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Poll tests waters for primary, key issues
Huelskamp, Marshall nearly tied; Governor and president get low marks
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Roger Marshall

HAYS – The Great Bend Tribune joined other Kansas newspapers and Fort Hays State University’s Docking Institute of Public Affairs to conduct a political poll of the First Congressional District measuring Kansans’ candidate and policy preferences on key issues. 

The survey found the First District Congressional race between incumbent Tim Huelskamp and challenger Great Bend physician Roger Marshall in a statistical dead heat. It also found Republican Donald Trump out pacing Democrat Hillary Clinton in the presidential race by 17 percent.

In addition, there were low approval numbers for President Barack Obama, Kansas Gov. Sam Brownback and the Kansas Legislature, and tempid support for longtime Kansas Sen. Jerry Moran.

Dr. Gary Brinker, director of the Docking Institute, said the poll attempted to predict the winner of the First District congressional primary as well as the presidential contest. 

The results of the polling – which were conducted from July 11 through July 21 – also showed the current state of satisfaction with Brownback, Obama and Moran, along with policy preferences for guns, school funding and use of public facilities by transgender Kansans. 

Surveyed was a random sample of adult residents of Kansas age 18 to measure their intentions to participate in the upcoming presidential primary election, candidates they intended to support, choice for the general election given a hypothetical pair of candidates, job satisfaction ratings for Kansas elected officials and policy preferences for some controversial issues in Kansas.

Of those polled, 96 percent claimed to be registered voters. Of those, 58 percent we re Republican, 22 percent Democrat and 20 percent Independent or unaffiliated.

The sampling was split almost equally between men and women, and the respondents represented a wide spectrum of educational backgrounds and income levels.

The survey sample consisted of random Kansas landline telephone numbers and cellphone numbers. Over the 10 days, 1,975 Kansas residents were contacted through either landline telephone or cellphone, and 765 of them completed the survey, resulting in a 39 percent cooperation rate.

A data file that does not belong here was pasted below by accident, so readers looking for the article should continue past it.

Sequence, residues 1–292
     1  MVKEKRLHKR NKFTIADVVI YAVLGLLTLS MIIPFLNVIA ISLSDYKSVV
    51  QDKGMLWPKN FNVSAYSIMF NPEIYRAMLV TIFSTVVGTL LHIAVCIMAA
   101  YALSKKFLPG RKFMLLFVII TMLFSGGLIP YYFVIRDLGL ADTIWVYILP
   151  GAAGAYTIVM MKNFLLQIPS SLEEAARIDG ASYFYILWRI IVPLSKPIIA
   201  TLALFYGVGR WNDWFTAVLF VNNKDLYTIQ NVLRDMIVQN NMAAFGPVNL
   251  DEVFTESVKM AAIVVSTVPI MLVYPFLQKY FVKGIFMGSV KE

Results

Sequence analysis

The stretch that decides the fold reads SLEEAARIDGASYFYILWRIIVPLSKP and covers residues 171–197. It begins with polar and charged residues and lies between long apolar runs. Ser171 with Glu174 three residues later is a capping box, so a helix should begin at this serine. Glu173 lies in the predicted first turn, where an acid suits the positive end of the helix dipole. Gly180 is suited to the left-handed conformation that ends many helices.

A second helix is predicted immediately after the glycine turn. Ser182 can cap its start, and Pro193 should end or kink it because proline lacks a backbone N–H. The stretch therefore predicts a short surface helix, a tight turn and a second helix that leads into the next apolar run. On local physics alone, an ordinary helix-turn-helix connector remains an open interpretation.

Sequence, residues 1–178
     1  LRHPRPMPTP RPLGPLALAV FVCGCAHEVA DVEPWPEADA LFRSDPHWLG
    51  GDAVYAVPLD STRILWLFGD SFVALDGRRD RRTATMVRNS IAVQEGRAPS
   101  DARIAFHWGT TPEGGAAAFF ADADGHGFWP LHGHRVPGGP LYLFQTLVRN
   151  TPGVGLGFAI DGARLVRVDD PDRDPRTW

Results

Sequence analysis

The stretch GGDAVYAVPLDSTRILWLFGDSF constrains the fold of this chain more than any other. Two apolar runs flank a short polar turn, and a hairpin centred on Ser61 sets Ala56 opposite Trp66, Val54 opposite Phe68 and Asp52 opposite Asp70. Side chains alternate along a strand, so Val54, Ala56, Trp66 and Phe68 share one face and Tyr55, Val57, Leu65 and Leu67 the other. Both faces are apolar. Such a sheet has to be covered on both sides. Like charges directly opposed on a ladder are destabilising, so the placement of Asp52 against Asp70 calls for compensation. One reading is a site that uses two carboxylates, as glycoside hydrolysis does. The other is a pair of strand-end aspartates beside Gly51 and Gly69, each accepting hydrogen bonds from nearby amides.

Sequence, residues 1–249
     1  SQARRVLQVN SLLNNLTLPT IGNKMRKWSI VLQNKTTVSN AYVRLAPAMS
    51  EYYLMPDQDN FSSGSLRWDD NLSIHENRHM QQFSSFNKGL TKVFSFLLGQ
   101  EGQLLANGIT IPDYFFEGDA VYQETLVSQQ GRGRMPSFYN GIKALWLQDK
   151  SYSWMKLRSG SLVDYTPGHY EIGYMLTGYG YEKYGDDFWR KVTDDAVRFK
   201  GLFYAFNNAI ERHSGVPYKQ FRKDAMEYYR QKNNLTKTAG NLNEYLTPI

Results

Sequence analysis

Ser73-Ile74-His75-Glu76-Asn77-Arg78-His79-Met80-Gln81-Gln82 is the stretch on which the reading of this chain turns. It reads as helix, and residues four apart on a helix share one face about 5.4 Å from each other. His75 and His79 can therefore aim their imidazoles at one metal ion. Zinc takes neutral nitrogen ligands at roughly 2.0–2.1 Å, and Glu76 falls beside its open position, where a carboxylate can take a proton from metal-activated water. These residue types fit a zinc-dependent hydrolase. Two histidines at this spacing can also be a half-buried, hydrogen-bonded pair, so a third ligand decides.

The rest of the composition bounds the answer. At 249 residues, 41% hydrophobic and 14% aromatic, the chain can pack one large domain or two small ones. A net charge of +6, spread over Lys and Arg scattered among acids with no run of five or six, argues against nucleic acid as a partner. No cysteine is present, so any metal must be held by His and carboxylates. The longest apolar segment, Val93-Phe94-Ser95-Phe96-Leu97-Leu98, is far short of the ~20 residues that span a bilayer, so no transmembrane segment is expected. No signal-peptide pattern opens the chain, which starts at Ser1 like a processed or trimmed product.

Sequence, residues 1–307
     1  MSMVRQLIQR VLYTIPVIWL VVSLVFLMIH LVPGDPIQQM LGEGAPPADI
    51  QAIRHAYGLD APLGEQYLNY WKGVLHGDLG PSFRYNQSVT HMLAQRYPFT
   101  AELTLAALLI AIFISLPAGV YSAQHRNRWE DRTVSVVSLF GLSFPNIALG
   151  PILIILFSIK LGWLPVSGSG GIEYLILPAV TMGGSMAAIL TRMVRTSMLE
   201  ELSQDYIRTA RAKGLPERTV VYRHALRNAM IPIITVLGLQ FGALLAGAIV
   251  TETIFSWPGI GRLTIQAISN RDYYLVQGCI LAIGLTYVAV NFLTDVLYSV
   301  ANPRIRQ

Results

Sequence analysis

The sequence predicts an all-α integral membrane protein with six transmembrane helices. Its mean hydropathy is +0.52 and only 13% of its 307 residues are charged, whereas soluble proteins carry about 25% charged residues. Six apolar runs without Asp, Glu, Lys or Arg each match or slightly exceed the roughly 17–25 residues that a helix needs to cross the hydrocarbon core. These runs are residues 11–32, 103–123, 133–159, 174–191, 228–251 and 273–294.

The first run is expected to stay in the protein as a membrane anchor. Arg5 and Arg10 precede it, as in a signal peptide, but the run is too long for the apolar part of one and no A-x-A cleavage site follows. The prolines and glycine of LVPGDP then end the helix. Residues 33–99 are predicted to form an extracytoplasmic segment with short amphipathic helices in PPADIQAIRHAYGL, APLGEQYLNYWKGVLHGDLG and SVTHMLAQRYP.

With a larger sample size for all issues except the First District race, the margin of error was 4.4 percent. With a smaller sample in the congressional contest, the margin of error was 6.76 percent.

For complete poll results, click here.

For even more information, click here.


Key findings:

• One hundred and seventy-six likely voters polled from the First Congressional District were equally divided in their support for the two contenders for the Republican nominee. With 15 percent still undecided, this race is much too close to call.

• A follow-up question asking about the respondent’s self-reported likelihood to vote in the Kansas Primary Election offers insight into the Marshall/Huelskamp tie. Respondents who indicated that they were Very Likely to vote in the 1st District Kansas Congressional Republican Primary were slightly more likely to support Marshall over Huelskamp. Respondents who indicated they were Somewhat Likely to vote were much more likely to support Huelskamp.

• Among likely voters, Trump holds a 17 point advantage over Clinton in the race for President. This is well outside the margin of error, suggesting that if the election were held today, Trump would be highly likely to win the Kansas electoral votes. However, 16 percent were still undecided, enough to push Clinton ahead if the majority of undecided lean Democratic.

• Satisfaction with President Obama has hovered around 30 percent since October 2015, with about 60 percent expressing dissatisfaction through this period.

• Governor Brownback enjoyed between 35 percent and 40 percent approval until fall of 2014. Over the subsequent year, satisfaction with the Governor dropped to below 20 percent. The latest poll suggests that only 15 percent of Kansans are at least “somewhat satisfied” with Governor Brownback, while over three-fourth express some level of dissatisfaction. The percent who are “very dissatisfied” has hit a new high of 60 percent, while no more than 6 percent of respondents in the Docking Institute’s last two statewide polls have indicated that they were “very satisfied” with the Governor’s job performance.